All as a result of warming arctic temperatures.
Even A Broken Clock Added Mar 2, 2018 - 10:37am
FJ, I appreciate anyone who participates in the noble art of growing their own fruits and vegetables. And especially growing those things that deer love to eat. Your petunias and snapdragons would serve us here as a deer salad bar. Good luck with your tomatoes.
Neil Lock Added Mar 2, 2018 - 11:52am
Flying Junior: England is not one of the regions predicted to suffer from the immediate effects of global warming this century. Not sure about the latest predictions, but back in 2000 the alarmists here were telling us, "children won't know what snow is."
Usually, England is warmer than Germany in winter, but the opposite is true in summer. Germany has a more continental climate. But England is also further north than Germany, so the Gulf Stream does help. But not when the cold air, as in recent days, has come to us via Germany...
Broken Clock: Cold and warm air circulate. When it's warm (compared to normal for the time of year) in one place, it's cold somewhere else. If the USA and/or Europe are cold for the time of year, then it's not unlikely that the Arctic will be (relatively) warm. That's a completely different issue from warming (or cooling) on a global scale, or a possible cessation of the Gulf Stream.
Oh, and Cobh is in south west Ireland.  Very close to the latitude I live in, but 8 degrees west. Not far short of the trip from Charleston WV to St Louis MO.
BTW, it's snowing here - again. And the Internet weather report tells me it's snowing in Cobh too.
Flying Junior Added Mar 3, 2018 - 5:38am
I visited my grandparents in Oklahoma every summer between 1963 and 1967.  The first time, Grandpa was still working for Oklahoma Natural Gas.  He rode me to work with him one morning.  Going back to the mid 1930s, Jelly always started off to work forty-five minutes early each day just on the chance that he might get a flat tire.  If he didn't get a flat, he had an extra forty-five minutes to drink coffee and visit with his friends.  The first house in 1963 was in Tulsa.  A couple of years later, Grandpa bought what to him must have been a dream house, in Claremore, the home of the Will Rogers Museum, about thirty miles out of Tulsa.  This property had a creek running directly parallel and behind it.  Polliwogs.  Jelly took our dog, a Kerry Blue Terrier, in 1964, when he got into trouble in La Jolla with the neighborhood little girls.  Can you blame the guy?  He liked to jump up on them.  Jelly was a good dog trainer.  He knew horses and cows.  Mother still is grateful to him for caring for her first dog.  We have a photo or two of old Jelly playing with Duffy.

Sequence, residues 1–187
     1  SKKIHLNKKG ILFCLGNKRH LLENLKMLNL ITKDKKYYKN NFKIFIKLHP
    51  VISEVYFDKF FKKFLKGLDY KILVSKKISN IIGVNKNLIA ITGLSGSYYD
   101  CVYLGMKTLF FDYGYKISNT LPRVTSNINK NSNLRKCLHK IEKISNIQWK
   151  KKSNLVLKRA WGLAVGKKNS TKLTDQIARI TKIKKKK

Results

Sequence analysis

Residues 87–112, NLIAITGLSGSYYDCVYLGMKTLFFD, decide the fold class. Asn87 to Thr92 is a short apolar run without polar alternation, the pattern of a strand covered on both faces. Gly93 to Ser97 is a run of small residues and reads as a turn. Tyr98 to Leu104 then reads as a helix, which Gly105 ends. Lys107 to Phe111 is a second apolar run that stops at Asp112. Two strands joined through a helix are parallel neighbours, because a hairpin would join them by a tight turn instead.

Other than reading MAD Magazines with my cousin and listening to the first album from the Monkees, breakfast, root beer floats made with Dad's Root Beer, jars filled with candy and poking around his house to find curios and his old guitar, the thing I remember most clearly was the awe-inspiring thunder and lightning storms as well as tiny windstorms that bent the palm trees nearly sideways.
During the depression, even Oklahoma Natural Gas had to lay off a percentage of employees.  The boss would line up all of the employees every month or so and let them all know who was going to be let go.  Jelly was called into the U.S. Navy at the age of 35 or 36 to be a SeaBee.  His job was to help build landing strips for the U.S. warplanes in the Philippines.  This made him a father figure to the eighteen or nineteen-year-old recruits.  You may surmise that he made it safely home with few wartime souvenirs.  Jelly was granted a leave in 1943 and returned to Oklahoma to take his family to New York City for a summer vacation.
Uncle Jim still loves T-U-L-S-A as the greatest city in the world, (he saw Patsy Klein at the Cimmaron Club,) but his southern belle wife forced him to move to Mississippi.  Most of the clan are now living in Florida or Virginia.  One of my second cousins is a Commander in the U.S. Air Force.  Only cousin Betsy still lives in Tulsa.  I'm going to say that's a big step up from Jacksonville Mississipi!